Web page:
Summoned by a Crucifix
A three-inch crucifix pendant loomed large around a woman’s neck in the yellow cinderblock basement that housed my weekly Al-Anon meeting. As stories were shared around the circle, my eyes kept going back to the crucifix and the woman. A stark contradiction – the sadness of Jesus on the Cross and the bright eyes and smile of the woman, whose name, I learned, was Lori. She’s not wearing this to win friends, I thought. She really believes this stuff.
At age 34, I had nothing against Jesus, but had not budged much since my white-gloved, patent-leathered Confirmation at Westminster Presbyterian in Madison, Wisconsin. I knew I didn’t believe it then (but was too timid to say so) and I didn’t get it now, even though I attended a Lutheran church. “Why should I believe in what Jesus says more than some bum in the street?” I would ask my mother.
But there was something about that crucifix. And something about Lori. I approached her after the meeting for a future lunch. “Sure,” she said. “How about the Shrine next Wednesday?” I gulped. “The Shrine of the Immaculate Conception?”
The only part of my Presbyterian upbringing I had retained was hatred of the Catholic Church. I saw it as a big power and money grab that sought to intimidate people into submission. Kind of like Marxism, but with better art.
St. Thérèse strikes again
On the appointed day, I walked up the stone staircase in blowing snow and stopped at the Shrine’s massive entryway. I took a deep breath and went in.
Lori gave me a tour of the many ornate chapels, lingering at the tall bronze statue of St. Thérèse of Lisieux. “Thérèse is something else,” Lori said. “If you ask her for roses, she’ll get you some.” Idolatry and superstition! I knew it! Hoping not to be struck by lightning then and there, I was relieved when we moved on.
Lori suggested I read Thérèse’s Story of a Soul. I ordered it to make her happy and to prove I didn’t need this Catholic nonsense. The next Wednesday when I got home from work, there on the coffee table was the book and a dozen roses from my husband. I called Lori. “I got roses!” She said, “Yes, I asked Thérèse to send you some.”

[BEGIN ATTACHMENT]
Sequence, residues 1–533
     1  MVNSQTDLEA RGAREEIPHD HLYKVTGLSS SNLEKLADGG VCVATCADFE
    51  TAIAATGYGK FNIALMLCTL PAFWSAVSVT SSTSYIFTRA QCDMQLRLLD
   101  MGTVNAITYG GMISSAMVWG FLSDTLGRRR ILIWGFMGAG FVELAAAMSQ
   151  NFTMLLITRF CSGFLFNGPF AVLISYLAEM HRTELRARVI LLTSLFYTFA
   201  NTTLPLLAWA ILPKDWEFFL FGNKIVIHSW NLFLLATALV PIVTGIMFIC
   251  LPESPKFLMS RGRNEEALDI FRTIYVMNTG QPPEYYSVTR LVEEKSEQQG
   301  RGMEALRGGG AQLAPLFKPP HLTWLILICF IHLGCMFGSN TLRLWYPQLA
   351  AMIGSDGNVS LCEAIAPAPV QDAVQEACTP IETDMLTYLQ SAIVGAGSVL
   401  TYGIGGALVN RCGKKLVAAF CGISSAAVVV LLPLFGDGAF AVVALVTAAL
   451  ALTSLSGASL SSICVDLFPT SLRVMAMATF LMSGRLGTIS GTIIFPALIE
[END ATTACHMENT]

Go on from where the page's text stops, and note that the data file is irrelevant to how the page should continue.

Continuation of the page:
The next weekend my husband and I were staying at a cabin in West Virginia. I cracked the book on Friday night and did nothing but read it until Sunday morning. Those two nights I had vivid dreams of spiritual things.
Finishing the book, I closed it and thought this is all true. (I learned later that Edith Stein had thought the same thing after reading Teresa of Avila’s autobiography. Those Theresa’s don’t mess around.)
I knew my life had to change. Of course, I would not become Catholic – that would be ridiculous. But I was being called to something significant, whatever it was.
A few weeks later I was driving up I-270 toward Damascus, Maryland, pondering how many people like Thérèse it would take to save the whole world. Then I got it – it would only take one. The confusion and doubt about “the Christ thing” was lifted all at once. It was as if Thérèse had taken my hand out of hers and put it in another hand: “It’s not me, honey, it’s Jesus.”
Life after Damascus
Okay, so I was a real Christian now. Now what? I continued to meet with Lori every week or so for long afternoons of prayer and conversation at the Shrine. I would get to where I couldn’t stand listening to her Catholic promo anymore and would take a break for a few weeks. But I’d always come back for more.